Make sure to store your list in a secure location and use additional security measures to keep passwords secret. There are a number of websites you can use that will help manage your passwords or create a digital safe.
Most importantly, make sure your executor, beneficiaries, or a third party knows that the list exists and how to access it.
Once you make your list, take a look at the Term of Service Agreement for each item on your inventory list. It’s possible to purchase a non-transferable license to certain assets. This means that you may not be able to transfer your digital asset to someone else.
Back-Up What You Can
With a complete inventory, it’s easy to evaluate what can be saved on a personal storage device. You can use a hard drive or flash drive to back-up files and information stored on your computer or the cloud.
Regularly backing up your hard drives is also an important part of digital housekeeping.
This is a great habit to get into for photos and videos that hold priceless sentimental value. Curating a creative asset portfolio is also something to consider. If you value the information kept on your social media pages, platforms like Facebook allow you to easily download all of your data.
Like your inventory list, someone should be aware of where your back-ups are kept.
Make a Plan For Every Asset
It’s extremely important to include your estate planning attorney in this final step of the process. Because digital assets can include highly personal communications and require some type of digital literacy, there is an extra level of consideration that should go into your planning process.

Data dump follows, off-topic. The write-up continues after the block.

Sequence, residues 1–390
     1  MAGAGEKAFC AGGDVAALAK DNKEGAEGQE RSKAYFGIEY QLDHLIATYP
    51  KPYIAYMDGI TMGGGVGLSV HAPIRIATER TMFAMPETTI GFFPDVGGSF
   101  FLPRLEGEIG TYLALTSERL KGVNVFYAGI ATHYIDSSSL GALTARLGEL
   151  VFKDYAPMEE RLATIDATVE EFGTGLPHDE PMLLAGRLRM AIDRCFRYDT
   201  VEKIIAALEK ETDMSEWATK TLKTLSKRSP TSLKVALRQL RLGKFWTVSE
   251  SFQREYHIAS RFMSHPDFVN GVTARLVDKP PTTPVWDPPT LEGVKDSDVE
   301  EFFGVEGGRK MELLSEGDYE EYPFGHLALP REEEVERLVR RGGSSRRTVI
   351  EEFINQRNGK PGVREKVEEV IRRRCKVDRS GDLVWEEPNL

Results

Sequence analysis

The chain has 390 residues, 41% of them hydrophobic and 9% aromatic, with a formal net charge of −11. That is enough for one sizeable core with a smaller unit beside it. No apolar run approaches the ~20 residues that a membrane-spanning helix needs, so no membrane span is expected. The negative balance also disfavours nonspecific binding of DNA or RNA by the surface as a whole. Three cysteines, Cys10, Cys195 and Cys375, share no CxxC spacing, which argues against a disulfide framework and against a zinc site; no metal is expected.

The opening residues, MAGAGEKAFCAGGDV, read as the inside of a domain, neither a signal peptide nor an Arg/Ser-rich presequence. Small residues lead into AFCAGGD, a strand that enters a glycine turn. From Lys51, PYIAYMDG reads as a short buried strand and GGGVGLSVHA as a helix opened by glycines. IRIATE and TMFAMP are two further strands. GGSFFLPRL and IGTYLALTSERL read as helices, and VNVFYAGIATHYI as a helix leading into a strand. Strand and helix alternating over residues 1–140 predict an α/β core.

Providing the proper consent in your legal documents will allow your digital assets to be accessible by your fiduciaries. At the same time, you want to ensure the proper authorization is given to the appropriate people.
There are a number of state and federal laws that protect your data and prevent unauthorized access to your computer systems.
While these laws were created to protect you from fraud, it also means that there are huge barriers preventing your family or loved ones from accessing your digital assets (both sentimental and valuable). Digital privacy laws also prevent beneficiaries from easily accessing online accounts like the cloud or email.
An estate planning attorney will be able to guide you on preparing the right consents and instructions.
Another thing to consider is if you want any digital assets destroyed – like sensitive emails or accounts. Your estate plan is also the place to leave clear instructions about who is responsible for managing those specific requests.
Your digital assets are an extension of your personal property. If you haven’t considered adding your digital property to your will or estate plan, today is a great day to get started.
Citadel Law Firm is a trusted Arizona partner that can assist you with adding digital assets to your existing estate plan or working with you at the start of your estate planning journey.
Contact us today to learn more about how we can put our years of experience to work for you. Schedule your free estate planning consultation today by clicking here, or call (480)565-8020.